And static is when you’re holding that stretch dynamic is when you’re moving that joint through a range of motion. In warmups, I generally like to use the dynamic stretching just because that’s going to warm up your body and it’s going to start to work through a range of motion. So things like the dynamic squat stretch are great because you want to think about what movement patterns you’re doing in your workout. So you’re doing squats that day. A dynamic squat stretch is going to help you warm up all the joints involved in that. And after you’ve say rolled out your hips, maybe your TFL something or even your calves, if you have tight calves, lack of ankle mobility after you’ve rolled out those tight muscles, then you’re starting to stretch through the range of motion to warm your body up again, improve the joint range of motion for the movements you’re going to do.

So you always want to think about what aches and pains have I had in the past? What restrictions compensations have I had in the past? What are my daily postures to address those? So again, if you’re hunch over a computer, you’re sitting at a chair, your hips, you’re going to be tight. So foam rolling your hips to then do that dynamic stretch will help you then go into your workout. But you also want to consider what muscles am I working in my workout and what movement patterns am I going to do to make sure that you’re warming those up and mobilizing through them. So when you go into your workout, you’re able to strengthen through the fullest range of motion and use the correct muscles. So with stretching, you generally want to think dynamic before your workout. However, if you have had injuries, aches and pains, you have areas that you know are super tight, your hips really are limited or your ankle mobility is really poopy and you’re working on it, you can use static stretching.

So you might have heard that static stretches can reduce your power output or reduce your strength and your workouts, and while there can have some impact, most of us a aren’t doing necessarily power lifting or competing, so having maximal output is not as essential. However, at the same time, we never want suboptimal if we can help it. We have to note that these studies done on those static stretching we’re of the agonist muscles. So when you’re going into a workout where you’re going to work your quads, you might not want to necessarily then stretch your quads. However you want to think, how can I work the opposing muscle group or stretch the opposing muscle group to make sure that I’m able to then better activate the muscles? I really want to target, if you say I wanted to really target your glutes, even in a workout, you might think, okay, I am going to actually do a static stretch for my hip because in doing this static stretch, right, this static stretcher right here, what I’m also doing is engaging my glute to drive that hip into extension.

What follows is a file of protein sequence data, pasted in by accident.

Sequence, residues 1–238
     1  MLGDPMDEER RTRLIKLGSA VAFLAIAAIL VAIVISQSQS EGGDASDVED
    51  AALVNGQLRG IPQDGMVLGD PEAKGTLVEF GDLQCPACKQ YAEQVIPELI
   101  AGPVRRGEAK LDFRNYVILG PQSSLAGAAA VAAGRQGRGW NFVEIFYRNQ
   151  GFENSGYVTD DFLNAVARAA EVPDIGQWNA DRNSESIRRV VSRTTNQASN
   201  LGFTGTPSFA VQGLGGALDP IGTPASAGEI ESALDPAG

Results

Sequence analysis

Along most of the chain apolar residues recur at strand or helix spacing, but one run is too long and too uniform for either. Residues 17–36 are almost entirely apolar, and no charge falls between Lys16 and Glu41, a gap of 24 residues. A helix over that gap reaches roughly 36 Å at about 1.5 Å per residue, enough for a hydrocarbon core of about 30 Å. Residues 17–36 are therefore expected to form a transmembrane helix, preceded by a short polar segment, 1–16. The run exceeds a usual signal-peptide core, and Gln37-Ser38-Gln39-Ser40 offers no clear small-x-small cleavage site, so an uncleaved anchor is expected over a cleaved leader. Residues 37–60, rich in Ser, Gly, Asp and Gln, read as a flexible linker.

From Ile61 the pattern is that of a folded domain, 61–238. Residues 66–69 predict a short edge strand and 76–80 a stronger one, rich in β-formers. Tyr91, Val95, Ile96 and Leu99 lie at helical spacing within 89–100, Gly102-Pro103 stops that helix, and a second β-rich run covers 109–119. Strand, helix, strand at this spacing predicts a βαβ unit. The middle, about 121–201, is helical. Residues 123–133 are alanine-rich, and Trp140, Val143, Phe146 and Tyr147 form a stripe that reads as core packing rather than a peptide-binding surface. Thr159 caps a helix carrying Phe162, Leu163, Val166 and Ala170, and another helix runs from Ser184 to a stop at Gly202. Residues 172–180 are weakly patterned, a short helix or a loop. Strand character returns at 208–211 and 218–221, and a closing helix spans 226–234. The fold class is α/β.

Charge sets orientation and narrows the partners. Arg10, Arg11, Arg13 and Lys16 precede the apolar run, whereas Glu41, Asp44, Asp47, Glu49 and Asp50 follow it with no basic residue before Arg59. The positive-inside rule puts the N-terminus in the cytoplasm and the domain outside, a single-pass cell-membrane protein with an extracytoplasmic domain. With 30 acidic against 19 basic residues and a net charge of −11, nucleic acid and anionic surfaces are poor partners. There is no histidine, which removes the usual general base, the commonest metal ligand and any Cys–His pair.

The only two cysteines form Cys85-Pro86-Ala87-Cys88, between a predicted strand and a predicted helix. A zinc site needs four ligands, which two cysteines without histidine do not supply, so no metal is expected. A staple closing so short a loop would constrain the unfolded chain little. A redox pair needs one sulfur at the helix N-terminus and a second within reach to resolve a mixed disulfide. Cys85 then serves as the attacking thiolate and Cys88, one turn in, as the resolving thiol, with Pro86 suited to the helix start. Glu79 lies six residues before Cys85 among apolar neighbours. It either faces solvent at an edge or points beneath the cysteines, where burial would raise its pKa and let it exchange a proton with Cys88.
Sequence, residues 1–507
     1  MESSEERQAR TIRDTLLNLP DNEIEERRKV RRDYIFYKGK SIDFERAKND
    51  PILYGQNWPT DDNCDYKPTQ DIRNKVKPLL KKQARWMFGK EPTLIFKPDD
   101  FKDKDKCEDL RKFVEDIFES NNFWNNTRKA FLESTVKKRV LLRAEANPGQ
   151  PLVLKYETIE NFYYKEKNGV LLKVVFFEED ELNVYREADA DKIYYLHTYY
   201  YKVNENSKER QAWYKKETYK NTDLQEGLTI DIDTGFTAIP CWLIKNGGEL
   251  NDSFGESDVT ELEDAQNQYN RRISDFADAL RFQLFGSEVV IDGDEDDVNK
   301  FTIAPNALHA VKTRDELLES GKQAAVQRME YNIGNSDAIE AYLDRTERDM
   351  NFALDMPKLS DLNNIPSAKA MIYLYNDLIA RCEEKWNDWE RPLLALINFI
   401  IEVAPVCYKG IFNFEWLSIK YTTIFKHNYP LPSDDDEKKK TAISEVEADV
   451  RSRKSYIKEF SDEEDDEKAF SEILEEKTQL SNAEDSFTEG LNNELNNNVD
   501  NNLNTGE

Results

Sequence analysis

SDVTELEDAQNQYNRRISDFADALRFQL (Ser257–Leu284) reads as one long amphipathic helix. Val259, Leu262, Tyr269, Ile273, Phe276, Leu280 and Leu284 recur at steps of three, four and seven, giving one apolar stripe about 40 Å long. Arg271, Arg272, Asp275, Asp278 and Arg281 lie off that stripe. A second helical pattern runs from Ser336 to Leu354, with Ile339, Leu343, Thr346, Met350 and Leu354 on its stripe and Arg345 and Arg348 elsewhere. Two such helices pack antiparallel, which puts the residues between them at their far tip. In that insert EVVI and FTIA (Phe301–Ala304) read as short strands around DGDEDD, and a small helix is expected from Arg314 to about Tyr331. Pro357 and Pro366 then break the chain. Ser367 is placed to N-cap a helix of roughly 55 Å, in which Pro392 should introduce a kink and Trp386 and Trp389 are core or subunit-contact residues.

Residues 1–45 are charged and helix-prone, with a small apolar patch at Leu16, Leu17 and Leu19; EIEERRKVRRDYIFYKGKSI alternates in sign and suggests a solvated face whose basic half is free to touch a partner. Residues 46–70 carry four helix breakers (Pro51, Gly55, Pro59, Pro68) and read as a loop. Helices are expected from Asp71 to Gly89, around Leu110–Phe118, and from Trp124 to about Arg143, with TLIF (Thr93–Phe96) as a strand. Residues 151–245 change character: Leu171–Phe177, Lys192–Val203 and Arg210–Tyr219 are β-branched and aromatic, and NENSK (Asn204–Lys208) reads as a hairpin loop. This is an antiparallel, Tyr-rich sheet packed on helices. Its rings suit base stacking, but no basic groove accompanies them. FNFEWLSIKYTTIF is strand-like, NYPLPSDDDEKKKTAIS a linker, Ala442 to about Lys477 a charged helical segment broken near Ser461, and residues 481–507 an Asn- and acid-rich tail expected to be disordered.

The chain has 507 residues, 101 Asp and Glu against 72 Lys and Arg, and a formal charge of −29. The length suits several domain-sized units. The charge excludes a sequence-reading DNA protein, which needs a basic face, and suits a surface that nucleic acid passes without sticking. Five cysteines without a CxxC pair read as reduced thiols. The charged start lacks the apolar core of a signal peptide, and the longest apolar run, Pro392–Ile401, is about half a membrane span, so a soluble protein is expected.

We think about stretching as stretching a muscle only, but even when you’re doing a dynamic or a static stretch, you want to think about the opposing muscle that is driving the stretch over just stretching, especially if you’re hypermobile. So if you have, you can extend your elbows pass the point. If you can lock out your knees extra. If you’re hypermobile, you are going to tend to rest on structure. And also a lot of times the muscles that are tight are inhibiting the other muscle that we want to activate. So we want to start that activation process in our stretching. So whether you’re doing more of a dynamic sort of hip stretch or you’re doing a static one, you want to think about squeezing that glute to drive the hip into extension because this starts the activation process. It helps stretch out the muscle on the opposing side of the joint and it’s going to help you really warm up your body.